Curiosity is the wind that pushes forward the sail of understanding one another’s race and religion. It is critical to be curious and eager to learn more about your partner’s background in order to truly appreciate them as a person. This is the only way to make a multicultural marriage work.

I would often joke with a couple of my girlfriends (who are also married to husbands who do not speak their native language) about how it can be challenging sometimes to truly share ourselves with our husbands when they do not speak our native tongue. There are certain words from different languages that do not easily translate into English. For example, Filipinos use Filipoino puns a lot in their jokes and, as a result, jokes I make when I’m with Filipino friends would not make sense if I attempted them in English. Modesty aside, I’m a lot more funny when I’m telling my Tagalog jokes! But it helps that Ben is supportive of all my comedic routines.

Ben’s curiosity and openness towards Filipino culture are some of my favorite qualities he possesses. I love when he craves Filipino food just like I do. He impresses me every time he spots a Filipino “tita” or aunt (older lady) from a mile away. We have traveled around the Philippines a few times and it makes me so proud to watch how he interacts with my relatives and friends just like he would talk and treat his own family and friends.

Meanwhile, I am grateful to have a very close relationship with my in-laws. Having lost my mother early in life, I could not imagine going through my first years of motherhood without my mother-in-law. She taught me pretty much everything I needed to know - from how to bathe a newborn to embracing every moment of being home with June. She is an incredible woman and I am lucky to have her in my life.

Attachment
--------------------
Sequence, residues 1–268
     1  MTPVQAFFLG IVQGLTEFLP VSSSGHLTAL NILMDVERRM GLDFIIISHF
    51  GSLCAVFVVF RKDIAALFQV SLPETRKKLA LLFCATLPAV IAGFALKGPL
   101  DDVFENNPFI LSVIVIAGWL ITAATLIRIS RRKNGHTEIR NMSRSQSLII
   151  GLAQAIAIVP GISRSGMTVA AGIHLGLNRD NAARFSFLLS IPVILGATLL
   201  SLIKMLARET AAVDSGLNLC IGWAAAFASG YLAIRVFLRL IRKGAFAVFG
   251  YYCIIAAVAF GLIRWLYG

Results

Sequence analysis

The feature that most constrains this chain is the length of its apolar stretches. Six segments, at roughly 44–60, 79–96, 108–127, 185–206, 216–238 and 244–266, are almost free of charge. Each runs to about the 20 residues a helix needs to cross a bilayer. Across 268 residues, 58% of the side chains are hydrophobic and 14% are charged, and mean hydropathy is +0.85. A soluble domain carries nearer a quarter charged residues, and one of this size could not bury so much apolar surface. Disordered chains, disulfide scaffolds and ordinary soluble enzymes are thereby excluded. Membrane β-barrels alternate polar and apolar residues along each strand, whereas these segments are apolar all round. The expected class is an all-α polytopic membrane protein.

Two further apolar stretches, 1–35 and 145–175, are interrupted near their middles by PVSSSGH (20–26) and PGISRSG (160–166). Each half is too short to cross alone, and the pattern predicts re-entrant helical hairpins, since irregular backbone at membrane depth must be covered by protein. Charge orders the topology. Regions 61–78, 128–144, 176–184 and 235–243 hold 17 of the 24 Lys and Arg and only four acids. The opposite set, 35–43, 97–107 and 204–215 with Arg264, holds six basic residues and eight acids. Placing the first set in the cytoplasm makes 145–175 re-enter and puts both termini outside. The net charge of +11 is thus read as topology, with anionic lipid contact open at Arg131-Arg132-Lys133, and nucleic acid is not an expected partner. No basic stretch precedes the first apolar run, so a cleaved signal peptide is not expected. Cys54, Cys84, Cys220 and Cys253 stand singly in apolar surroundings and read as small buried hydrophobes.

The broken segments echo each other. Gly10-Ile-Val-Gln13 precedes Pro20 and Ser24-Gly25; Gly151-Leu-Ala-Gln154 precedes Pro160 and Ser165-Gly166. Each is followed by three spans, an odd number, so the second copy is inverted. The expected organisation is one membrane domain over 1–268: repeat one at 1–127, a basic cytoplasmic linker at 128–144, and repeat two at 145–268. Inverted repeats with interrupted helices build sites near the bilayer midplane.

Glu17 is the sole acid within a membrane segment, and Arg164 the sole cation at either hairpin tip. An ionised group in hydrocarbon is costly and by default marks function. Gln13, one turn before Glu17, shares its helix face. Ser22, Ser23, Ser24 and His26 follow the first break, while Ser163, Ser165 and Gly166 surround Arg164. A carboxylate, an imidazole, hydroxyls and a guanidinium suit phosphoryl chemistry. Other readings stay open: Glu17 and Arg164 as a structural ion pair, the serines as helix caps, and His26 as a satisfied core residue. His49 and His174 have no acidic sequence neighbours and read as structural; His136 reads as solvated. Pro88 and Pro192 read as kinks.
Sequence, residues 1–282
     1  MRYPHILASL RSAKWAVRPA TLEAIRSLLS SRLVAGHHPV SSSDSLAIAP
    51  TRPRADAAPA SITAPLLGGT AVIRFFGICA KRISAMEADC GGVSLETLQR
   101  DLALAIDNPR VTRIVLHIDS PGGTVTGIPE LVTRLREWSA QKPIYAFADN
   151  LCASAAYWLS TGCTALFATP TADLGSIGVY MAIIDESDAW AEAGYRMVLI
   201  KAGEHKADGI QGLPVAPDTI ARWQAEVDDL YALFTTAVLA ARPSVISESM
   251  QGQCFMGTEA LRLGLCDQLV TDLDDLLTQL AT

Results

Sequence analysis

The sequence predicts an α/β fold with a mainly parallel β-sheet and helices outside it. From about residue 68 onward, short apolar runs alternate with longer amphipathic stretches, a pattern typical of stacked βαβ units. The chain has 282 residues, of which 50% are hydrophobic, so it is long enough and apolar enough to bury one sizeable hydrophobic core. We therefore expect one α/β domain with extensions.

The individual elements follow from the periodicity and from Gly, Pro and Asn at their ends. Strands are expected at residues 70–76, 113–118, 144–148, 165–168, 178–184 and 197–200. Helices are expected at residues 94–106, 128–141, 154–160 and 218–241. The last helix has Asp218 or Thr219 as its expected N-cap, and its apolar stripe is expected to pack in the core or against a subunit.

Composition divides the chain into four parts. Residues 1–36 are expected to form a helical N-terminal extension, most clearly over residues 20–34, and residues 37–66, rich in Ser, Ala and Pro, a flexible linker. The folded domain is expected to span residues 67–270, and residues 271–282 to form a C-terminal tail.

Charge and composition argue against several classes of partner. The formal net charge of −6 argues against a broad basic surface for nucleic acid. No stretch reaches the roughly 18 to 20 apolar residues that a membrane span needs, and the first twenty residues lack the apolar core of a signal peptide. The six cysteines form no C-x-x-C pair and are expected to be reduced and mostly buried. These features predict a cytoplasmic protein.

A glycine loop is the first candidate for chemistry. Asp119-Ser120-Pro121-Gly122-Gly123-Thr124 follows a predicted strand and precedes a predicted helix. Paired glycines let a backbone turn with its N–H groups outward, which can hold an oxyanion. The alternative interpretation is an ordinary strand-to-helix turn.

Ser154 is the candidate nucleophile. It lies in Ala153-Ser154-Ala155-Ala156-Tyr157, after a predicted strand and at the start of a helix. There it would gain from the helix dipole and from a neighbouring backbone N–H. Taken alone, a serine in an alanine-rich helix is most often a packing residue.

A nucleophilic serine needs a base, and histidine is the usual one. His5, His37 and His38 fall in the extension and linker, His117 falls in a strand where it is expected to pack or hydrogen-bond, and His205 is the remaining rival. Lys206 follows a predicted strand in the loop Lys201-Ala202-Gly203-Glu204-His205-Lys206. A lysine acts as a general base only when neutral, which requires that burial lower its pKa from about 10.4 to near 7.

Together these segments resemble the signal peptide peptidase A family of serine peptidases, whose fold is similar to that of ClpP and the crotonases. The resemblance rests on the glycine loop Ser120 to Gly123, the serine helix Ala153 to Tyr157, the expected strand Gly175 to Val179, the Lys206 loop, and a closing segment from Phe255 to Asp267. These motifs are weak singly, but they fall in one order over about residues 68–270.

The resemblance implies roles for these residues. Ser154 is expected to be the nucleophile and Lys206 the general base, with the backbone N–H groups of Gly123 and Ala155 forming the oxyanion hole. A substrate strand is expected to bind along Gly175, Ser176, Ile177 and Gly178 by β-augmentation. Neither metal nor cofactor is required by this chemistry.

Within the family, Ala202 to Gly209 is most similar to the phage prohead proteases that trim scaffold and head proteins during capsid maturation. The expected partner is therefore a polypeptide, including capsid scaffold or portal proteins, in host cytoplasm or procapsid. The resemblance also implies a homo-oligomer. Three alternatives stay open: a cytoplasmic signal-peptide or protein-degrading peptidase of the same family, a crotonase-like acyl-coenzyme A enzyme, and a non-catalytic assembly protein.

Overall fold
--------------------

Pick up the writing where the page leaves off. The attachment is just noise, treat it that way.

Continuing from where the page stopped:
Having lost my mother early in life, I could not imagine going through my first years of motherhood without my mother-in-law. She taught me pretty much everything I needed to know.

Sometimes, a lack of understanding of a partner’s race/religion/culture can open one up to feelings of isolation. When not addressed, these feelings can progress into resentment. This is why I believe it is so important for multicultural families to be as open and curious about each other as possible.

We all have a unique opportunity to become interfaith and multicultural. Being surrounded by diversity in a place like New York City, we interact with people who may speak a different language or come from a place you've never been and we learn from one another. I guess the challenge is - if you’re up for it - to go beyond co-existing and move towards connectedness. We can all decide to embrace love, kindness and curiosity towards everyone.

As we raise June, we want to make sure we instill these three values in her. We want to teach her to be loving, not only to people who look like her mom and dad, but to everyone she comes across. The recent outrage over the separation of families at the U.S-Mexico border has brought into focus the importance of using every opportunity to spread and promote love towards one another - regardless of race, religion and country of origin. 

Moving to New York City turned out to be the biggest blessing for me and I can only hope that perhaps, people both within and outside of diverse cities can find ways to become familiar with and relate to others who are different from them. Because the truth is, one does not need to be married to another person or adopt a child from a different culture to become multicultural. We can choose to become interfaith and multicultural in our hearts and take the opportunity to live more harmoniously with all those around us.

#MINDRMAMA Edil Cuepo is a work-from-home mom to gorgeous 21-month-old June. They live in Rockaway Beach, NYC.